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Author Topic: How to calculate an amplifier for a biamp speaker?  (Read 722 times)

Samo Serb

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Re: How to calculate an amplifier for a biamp speaker?
« Reply #10 on: October 03, 2018, 01:28:02 am »

With that amount of power, you probably can't set a low enough threshold to save the driver.
The amplifier is a fixed gain devise. You can't reduce its peak power potential. Turning down the dial on the front is nothing more than an attenuator and will only reduce the drive level that the power amp section sees. If you drive it hard enough you will still have the same wattage potential. Now, this can work provided you never drive the input of that amp till it produces X amount of power, but it is caveat emptor.

A fixed gain amp is pretty simple in nature. It takes X voltage in and converts it to X more voltage out. Some amps are 26db gain others 36db of gain, while others only require X number of volts of input to equal full output ( typically 1.4 volts ). No matter how you slice it, the amplifier will still produce its rated watts if you send it enough drive level to do so. Again the knob on the front is only an attenuator, so all it does is turn down the input drive level.

In short, you cannot take a 1000 watt amp and make it so that it will limit its output to only 180 watts. Now if you turn down the drive level enough and never exceed that drive level, the amp may only ever produce a fraction of its potential, but if you send enough drive signal, the amp will continue to provide power well beyond 200 watts.

Thanks Luke! I had a situation where I used this configuration... I understand that is not the best match, but people have brought me a rack with those amps and they asked for bi-amp:))
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Samo Serb

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Re: How to calculate an amplifier for a biamp speaker?
« Reply #11 on: October 03, 2018, 01:31:34 am »

I assume that you mean you want a maximum of 180w to the speaker under any upstream input condition.  Is that RMS or peak?

Ideally, you'd want to limit for both.  Is the 200w speaker rated cont, prog, or peak?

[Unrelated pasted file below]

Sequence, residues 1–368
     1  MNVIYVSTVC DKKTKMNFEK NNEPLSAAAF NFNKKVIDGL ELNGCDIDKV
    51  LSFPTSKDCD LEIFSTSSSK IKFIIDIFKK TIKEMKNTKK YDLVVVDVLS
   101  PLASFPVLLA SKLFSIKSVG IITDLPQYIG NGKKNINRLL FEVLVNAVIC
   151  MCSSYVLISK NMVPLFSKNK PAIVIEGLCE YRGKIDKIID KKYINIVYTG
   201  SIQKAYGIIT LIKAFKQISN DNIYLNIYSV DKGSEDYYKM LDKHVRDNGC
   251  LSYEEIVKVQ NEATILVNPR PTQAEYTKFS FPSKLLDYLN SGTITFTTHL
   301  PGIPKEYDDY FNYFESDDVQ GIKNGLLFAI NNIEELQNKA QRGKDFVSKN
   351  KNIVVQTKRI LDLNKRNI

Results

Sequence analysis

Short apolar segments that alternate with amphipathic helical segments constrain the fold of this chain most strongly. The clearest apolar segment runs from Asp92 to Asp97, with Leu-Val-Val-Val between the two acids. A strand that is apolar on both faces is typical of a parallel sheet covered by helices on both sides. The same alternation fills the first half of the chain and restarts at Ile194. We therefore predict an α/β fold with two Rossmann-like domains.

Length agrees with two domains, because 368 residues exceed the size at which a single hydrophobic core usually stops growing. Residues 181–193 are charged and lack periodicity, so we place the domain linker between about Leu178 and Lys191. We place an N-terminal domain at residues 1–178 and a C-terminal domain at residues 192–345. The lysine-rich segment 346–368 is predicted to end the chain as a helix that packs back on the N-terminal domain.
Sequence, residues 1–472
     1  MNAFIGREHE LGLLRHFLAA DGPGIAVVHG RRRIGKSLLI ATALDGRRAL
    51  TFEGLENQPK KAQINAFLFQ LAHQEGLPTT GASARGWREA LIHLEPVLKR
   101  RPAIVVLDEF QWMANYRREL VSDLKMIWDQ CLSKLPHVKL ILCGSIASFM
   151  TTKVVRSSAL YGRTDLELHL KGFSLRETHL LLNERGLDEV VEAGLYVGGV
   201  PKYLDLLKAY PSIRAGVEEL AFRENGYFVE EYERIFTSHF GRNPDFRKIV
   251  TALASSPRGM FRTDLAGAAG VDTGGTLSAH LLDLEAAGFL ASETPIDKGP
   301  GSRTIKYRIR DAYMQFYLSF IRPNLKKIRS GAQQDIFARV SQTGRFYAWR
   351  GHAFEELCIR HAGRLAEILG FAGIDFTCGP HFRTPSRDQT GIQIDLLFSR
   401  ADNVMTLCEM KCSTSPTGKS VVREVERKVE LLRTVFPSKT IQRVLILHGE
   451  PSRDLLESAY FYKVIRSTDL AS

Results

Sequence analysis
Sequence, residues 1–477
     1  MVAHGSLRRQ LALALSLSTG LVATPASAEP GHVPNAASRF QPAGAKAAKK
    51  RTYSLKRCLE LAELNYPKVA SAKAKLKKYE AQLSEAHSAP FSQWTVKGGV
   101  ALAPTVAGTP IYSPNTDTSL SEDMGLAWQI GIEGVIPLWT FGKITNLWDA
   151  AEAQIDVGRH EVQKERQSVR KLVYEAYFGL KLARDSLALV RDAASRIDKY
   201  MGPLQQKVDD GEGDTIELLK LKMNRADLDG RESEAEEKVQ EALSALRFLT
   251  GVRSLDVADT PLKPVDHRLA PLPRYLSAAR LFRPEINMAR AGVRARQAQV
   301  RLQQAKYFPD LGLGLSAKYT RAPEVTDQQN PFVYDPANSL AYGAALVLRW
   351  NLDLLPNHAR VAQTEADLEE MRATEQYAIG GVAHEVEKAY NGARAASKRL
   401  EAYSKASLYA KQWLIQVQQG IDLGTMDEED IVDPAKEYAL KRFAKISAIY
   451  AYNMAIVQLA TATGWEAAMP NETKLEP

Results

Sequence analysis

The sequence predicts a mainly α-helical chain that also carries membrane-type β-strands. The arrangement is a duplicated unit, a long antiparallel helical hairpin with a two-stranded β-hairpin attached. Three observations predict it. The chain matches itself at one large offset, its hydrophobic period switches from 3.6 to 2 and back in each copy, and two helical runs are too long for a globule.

200w rms
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Tim Hite

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Re: How to calculate an amplifier for a biamp speaker?
« Reply #12 on: October 03, 2018, 05:29:35 pm »

The Lab Gruppen FP amps have input sensitivity adjustment DIP switches and Voltage Peak Limiter DIP switches in addition to the input pots. You can lock down quite a bit of their power to get them to where you need to be.

Setting up the VPL at 38V would give you around 180W per channel at 8Ω, 360W/ch @ 4Ω

So diode that would put you in the ballpark of being safe. . .

With that amount of power, you probably can't set a low enough threshold to save the driver.

The amplifier is a fixed gain devise. You can't reduce its peak power potential. Turning down the dial on the front is nothing more than an attenuator and will only reduce the drive level that the power amp section sees. If you drive it hard enough you will still have the same wattage potential. Now, this can work provided you never drive the input of that amp till it produces X amount of power, but it is caveat emptor.

A fixed gain amp is pretty simple in nature. It takes X voltage in and converts it to X more voltage out. Some amps are 26db gain others 36db of gain, while others only require X number of volts of input to equal full output ( typically 1.4 volts ). No matter how you slice it, the amplifier will still produce its rated watts if you send it enough drive level to do so. Again the knob on the front is only an attenuator, so all it does is turn down the input drive level.

In short, you cannot take a 1000 watt amp and make it so that it will limit its output to only 180 watts. Now if you turn down the drive level enough and never exceed that drive level, the amp may only ever produce a fraction of its potential, but if you send enough drive signal, the amp will continue to provide power well beyond 200 watts.
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Bad Quail
Sound + Light
Joshua Tree, California

Ken Webster

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Re: How to calculate an amplifier for a biamp speaker?
« Reply #13 on: October 10, 2018, 03:45:30 am »

I am just curious as to why nobody has suggested the old analogue solution using polyswitchs to protect drivers from over current?  Use ohms law to calculate the maximum current for the drivers load.  Then select the next polyswitch trip current below that value.  You still need to set both amps to the same gain for a balanced spectrum response but the polyswitch should prevent blowing out the drivers from over current as you can't limit the Amp's potential to a safe level.  I suppose there may be concerns about resistance noise, damping factor or some such but that is a way to achieve protection, that or a fuse but both solutions have historically been used for this purpose.

Ken
« Last Edit: October 12, 2018, 09:18:54 pm by Ken Webster »
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